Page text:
“Is this all there is?” June 27

 

Is this all there is? - We live in one of the most blessed and prosperous nations in the world. We have every kind of entertainment, all kinds of "toys," and yet, instead of finding satisfaction, we often find ourselves asking, "Is this all there is?"We live in one of the most blessed and prosperous nations in the world. We have every kind of entertainment, all kinds of “toys,” and yet, instead of finding satisfaction, we often find ourselves asking, “Is this all there is?”

 

Today’s Readings:
1 Chronicles 17 & 18
Psalm 78.17-25
Proverbs 19.25-26
Acts 8.1-25

 

Is this all there is?

 

Finding Satisfaction & Contentment in Him

Psalm 78.17-25:

 

In this portion of the psalm, the psalmist talks of the people’s dissatisfaction with God’s provision. It’s easy to point our fingers and shake our heads when we read passages like this, but how like us they were!

Proverbs 27.20 says, “Hell and Destruction are never full; so the eyes of man are never satisfied.”

We are living in one of the most blessed and prosperous nations in the world. Even those of us living relatively modest lives are abundantly blessed compared to many other nations, and yet, it is so easy to look around and want more, to look around and say “why does God seem to be blessing her and not me.” Or “if only I had such and such” life would be so much better.

We have every kind of entertainment, all kinds of “toys,” and yet, we are easily bored. “Is this all there is?” has been the theme of numerous books, movies and songs.

Psalm 90.14 in the American Standard Version says:

“Satisfy us in the morning with your steadfast love, that we may rejoice and be glad all our days.”

We need to pray regularly that our hearts will be satisfied in God, the only true source of satisfaction, and not look to the world for it!

 

Today’s Other Readings:

 

His Hand Holds the Future

1 Chronicles 17 & 18:

 

The chronicler continues to recount the story of David’s reign. In today’s reading he emphasizes God’s promise to David that his son would sit on the throne after him. It had a near application in Solomon and a messianic application, as well.

Notice David’s response to all of this in chapter 17:  Continue reading

“Hope When the Pressure Seems Too Much” June 11

 

Hope When the Pressure Seems Too Much - When we lose hope even small problems can seem insurmountable. How do we find hope and learn to trust God in difficult circumstances?

Also, how should we respond when someone speaks to us in unbiblical ways or threatens us foolishly? What can we learn from Jesus’ responses to Pilate?

 

Today’s Readings:
2 Kings 9 & 10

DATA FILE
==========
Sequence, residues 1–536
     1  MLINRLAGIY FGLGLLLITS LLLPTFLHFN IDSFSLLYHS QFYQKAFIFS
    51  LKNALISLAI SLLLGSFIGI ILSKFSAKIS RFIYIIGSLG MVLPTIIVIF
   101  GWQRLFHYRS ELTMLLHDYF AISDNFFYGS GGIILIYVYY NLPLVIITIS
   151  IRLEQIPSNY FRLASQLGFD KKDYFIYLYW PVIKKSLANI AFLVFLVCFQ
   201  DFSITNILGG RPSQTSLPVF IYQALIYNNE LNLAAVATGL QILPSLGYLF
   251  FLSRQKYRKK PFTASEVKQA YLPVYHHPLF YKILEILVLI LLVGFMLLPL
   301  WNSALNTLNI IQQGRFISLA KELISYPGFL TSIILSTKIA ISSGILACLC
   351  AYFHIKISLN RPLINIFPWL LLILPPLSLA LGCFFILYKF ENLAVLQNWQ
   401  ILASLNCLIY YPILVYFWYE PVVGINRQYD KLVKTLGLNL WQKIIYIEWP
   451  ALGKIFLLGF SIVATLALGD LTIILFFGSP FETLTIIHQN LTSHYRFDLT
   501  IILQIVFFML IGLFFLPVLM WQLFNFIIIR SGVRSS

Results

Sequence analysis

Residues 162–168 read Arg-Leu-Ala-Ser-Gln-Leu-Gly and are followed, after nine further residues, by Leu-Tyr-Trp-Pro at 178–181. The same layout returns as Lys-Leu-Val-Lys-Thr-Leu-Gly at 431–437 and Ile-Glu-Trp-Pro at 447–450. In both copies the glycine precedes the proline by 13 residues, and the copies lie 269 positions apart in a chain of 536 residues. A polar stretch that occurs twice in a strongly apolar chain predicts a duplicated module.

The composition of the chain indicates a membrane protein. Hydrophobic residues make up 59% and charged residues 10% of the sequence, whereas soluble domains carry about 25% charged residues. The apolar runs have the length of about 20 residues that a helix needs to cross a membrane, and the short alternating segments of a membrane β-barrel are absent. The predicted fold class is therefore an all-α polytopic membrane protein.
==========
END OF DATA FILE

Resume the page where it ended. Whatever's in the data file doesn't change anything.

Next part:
Psalm 72.17-20
Proverbs 18.14-15
John 19.1-22

 

Hope When the Pressure Seems Too Much

 

Who Can Bear a Broken Spirit?

Proverbs 18.14-15:

 

Verse 14, “The spirit of a man will sustain him in sickness, but who can bear a broken spirit?”

As human beings, we are able to withstand great physical and circumstantial difficulties. And as believers, who better understand how to respond to those difficulties, all the more so.

But when we lose hope (Prov. 13.12) or are undergoing spiritual pressure, even lesser problems can seem too much to bear.

depressionSpiritual pressure can be the enemy’s attempt to get us to quit when we are walking in obedience or stepping out in faith. That’s one reason why Scripture tells us to encourage one another (1 Thess. 5.11) and why we are not to forsake coming together with other believers, including church attendance and fellowship. Hebrews 10.23-25:

23 Let us hold fast the confession of our hope without wavering, for He who promised is faithful. 24 And let us consider one another in order to stir up love and good works, 25 not forsaking the assembling of ourselves together, as is the manner of some, but exhorting one another, and so much the more as you see the Day approaching.

Sometimes that pressure comes from other people, either believers or unbelievers. When it does, it’s important that we respond in Christlike ways:

17 Repay no one evil for evil. Have regard for good things in the sight of all men. 18 If it is possible, as much as depends on you, live peaceably with all men. 19 Beloved, do not avenge yourselves, but rather give place to wrath; for it is written, “Vengeance is Mine, I will repay,” says the Lord. 20 Therefore

“If your enemy is hungry, feed him;
If he is thirsty, give him a drink;
For in so doing you will heap coals of fire on his head.”

21 Do not be overcome by evil, but overcome evil with good.

We can meditate on and follow Jesus’ example:

22 “Who committed no sin,
Nor was deceit found in His mouth”;
23 who, when He was reviled, did not revile in return; when He suffered, He did not threaten, but committed Himself to Him who judges righteously (1 Pet. 2.22-23).